The Art of Heavy Lifting Without Overtraining

The Art of Heavy Lifting Without Overtraining: A Guide To Strength Training For Beginners

By John “Jed” Haines

Introduction

I have been lifting weights since I was 12 years old. My first experience with weight training was when my dad took me to the local YMCA and let me use their free weight room.

I remember being so excited that I had finally found something where I could lift heavy things without worrying about hurting myself or getting hurt.

My first time using the YMCA’s free weight room was probably around age 15. At that point, it didn’t occur to me that there would ever be anything else like it except maybe going to a gym.

In high school, I started working out at the same place that my father did, but instead of just lifting dumbbells and barbells, I was doing Olympic lifts (squats, deadlifts, bench presses) and power cleans (clean & jerks). I was pretty much the only guy in my class who lifted weights.

That’s how bad it was back then!

Nowadays there are many more people in high school who lift weights. In fact, I think it’s a little strange if you DON’T!

After high school, I joined my Dad at his gym which was a little bigger than the YMCA. It had more free weights and some machine weights as well as boxing bags and a area with mattresses you could fall on if you were doing martial arts like karate or tae kwon do…

The more I learned about lifting weights and working out in general, the more that I learned how to apply it to my martial arts. Not only did working out make me stronger physically, it made me mentally tougher as well.

The Art of Heavy Lifting Without Overtraining - Image

It didn’t take long before I started winning all of my tournaments…

I’ve always loved to work out and lift weights. Now I’m sharing some of my knowledge with you.

My hope is that if I can help just one person become a better athlete or stronger, then it was all worthwhile.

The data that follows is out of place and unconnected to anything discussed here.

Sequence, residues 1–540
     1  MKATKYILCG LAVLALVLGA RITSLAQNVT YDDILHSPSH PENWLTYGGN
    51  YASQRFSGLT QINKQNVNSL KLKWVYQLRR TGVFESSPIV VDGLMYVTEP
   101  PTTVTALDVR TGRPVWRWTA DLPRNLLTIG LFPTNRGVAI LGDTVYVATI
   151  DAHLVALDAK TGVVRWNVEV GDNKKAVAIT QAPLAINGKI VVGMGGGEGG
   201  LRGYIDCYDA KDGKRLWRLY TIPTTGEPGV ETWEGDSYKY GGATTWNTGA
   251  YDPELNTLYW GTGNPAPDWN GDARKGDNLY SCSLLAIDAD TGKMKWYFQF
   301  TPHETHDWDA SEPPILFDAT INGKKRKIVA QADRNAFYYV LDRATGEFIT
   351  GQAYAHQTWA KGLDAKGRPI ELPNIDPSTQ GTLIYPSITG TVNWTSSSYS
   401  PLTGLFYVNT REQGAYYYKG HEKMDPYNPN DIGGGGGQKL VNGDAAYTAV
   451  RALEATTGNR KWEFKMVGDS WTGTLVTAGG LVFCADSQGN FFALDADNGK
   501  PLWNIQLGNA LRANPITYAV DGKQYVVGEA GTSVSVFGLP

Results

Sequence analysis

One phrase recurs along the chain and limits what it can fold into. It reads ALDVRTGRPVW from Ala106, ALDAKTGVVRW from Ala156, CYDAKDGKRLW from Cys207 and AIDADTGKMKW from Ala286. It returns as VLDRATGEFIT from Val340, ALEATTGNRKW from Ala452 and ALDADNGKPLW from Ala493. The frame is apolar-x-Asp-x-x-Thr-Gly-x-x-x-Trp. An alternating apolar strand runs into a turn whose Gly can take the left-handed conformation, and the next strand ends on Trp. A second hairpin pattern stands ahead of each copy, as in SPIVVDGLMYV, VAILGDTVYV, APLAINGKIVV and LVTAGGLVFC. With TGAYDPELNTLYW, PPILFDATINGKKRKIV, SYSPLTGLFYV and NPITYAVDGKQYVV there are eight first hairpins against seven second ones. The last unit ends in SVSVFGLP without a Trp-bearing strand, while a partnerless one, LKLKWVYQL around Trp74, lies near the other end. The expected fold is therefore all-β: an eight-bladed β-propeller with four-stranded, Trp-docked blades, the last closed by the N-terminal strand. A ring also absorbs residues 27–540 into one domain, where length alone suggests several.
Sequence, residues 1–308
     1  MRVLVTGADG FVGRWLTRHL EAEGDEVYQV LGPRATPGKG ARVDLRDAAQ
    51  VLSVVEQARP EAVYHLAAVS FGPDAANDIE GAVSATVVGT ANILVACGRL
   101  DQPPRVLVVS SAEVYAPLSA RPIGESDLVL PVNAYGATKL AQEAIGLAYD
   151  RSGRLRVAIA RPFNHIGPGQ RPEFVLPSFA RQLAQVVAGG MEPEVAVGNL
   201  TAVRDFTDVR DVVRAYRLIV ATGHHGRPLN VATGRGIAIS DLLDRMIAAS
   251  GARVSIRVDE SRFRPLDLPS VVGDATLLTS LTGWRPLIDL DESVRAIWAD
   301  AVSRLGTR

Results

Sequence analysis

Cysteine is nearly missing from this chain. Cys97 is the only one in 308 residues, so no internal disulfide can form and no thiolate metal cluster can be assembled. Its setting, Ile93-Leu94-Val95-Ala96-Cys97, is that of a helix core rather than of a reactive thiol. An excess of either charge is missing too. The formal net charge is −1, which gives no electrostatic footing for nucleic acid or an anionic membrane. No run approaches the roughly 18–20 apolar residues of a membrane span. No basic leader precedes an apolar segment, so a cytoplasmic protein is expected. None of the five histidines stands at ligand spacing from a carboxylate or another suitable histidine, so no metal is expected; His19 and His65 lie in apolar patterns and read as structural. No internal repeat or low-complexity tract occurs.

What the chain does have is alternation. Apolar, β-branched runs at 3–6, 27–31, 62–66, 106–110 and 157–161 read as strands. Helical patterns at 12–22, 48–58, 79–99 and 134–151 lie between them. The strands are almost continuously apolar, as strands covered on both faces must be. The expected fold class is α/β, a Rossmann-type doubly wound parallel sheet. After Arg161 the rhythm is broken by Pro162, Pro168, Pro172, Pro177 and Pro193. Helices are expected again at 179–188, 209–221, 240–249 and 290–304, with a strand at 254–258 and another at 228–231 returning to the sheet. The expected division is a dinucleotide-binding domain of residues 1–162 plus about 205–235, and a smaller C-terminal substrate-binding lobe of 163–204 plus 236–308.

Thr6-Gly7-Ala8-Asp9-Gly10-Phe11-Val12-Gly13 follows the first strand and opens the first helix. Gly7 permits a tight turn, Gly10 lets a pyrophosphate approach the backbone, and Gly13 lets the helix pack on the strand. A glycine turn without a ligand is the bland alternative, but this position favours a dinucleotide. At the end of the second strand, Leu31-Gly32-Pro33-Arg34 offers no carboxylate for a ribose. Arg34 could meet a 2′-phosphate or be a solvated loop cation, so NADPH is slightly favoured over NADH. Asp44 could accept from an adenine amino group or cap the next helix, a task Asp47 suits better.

Muscle Fibers

There are three types of muscle fibers: slow twitch (Type I), fast twitch (Type IIA), and super fast twitch (Type IIB). Each has something different to offer, yet each has its own limitations as well.

In reality, most people are a combination of all three types of muscle fibers.

Slow Twitch (Type I): These muscle fibers are best suited for activities that require endurance. They fire slowly, resulting in less strength but allowing you to stay active for long periods of time.

These are the muscles that you want to develop if you’re training for a marathon or something similar. These muscles tend to have a lot of mitochondria and myoglobin (oxygen retaining proteins) within their cells. This allows them to utilize oxygen to create more ATP, which is one reason why they are able to perform aerobically for long periods of time.

Fast Twitch (Type IIA): These fast twitch fibers are well suited for short, quick activities. They are not as powerful as the Type IIB fibers, but they can still maintain activity for quite some time.

These are the muscles that you want to develop if you’re training for a 100-yard dash or a boxing match.

Sources & references used in this article:

ABC of Sports Medicine The overtraining syndrome by R Budgett – Bmj, 1994 – bmj.com

Overtraining the rectus abdominis can make you less efficient in weightlifting by EM Robinson – Strength & Conditioning Journal, 2010 – journals.lww.com

How to Maximize Performance without Overtraining by J Randazzo – ptonthenet.com

Squat Every Day: Thoughts on overtraining and recovery in strength training by M Perryman – 2013 – books.google.com

Overtraining-Can You Spot It? by P Taylor – ptonthenet.com

The De-Load–Guide to Recovery by J Mallon – strength-forge.com

Overtraining Syndrome by J Saran – alvafitness.com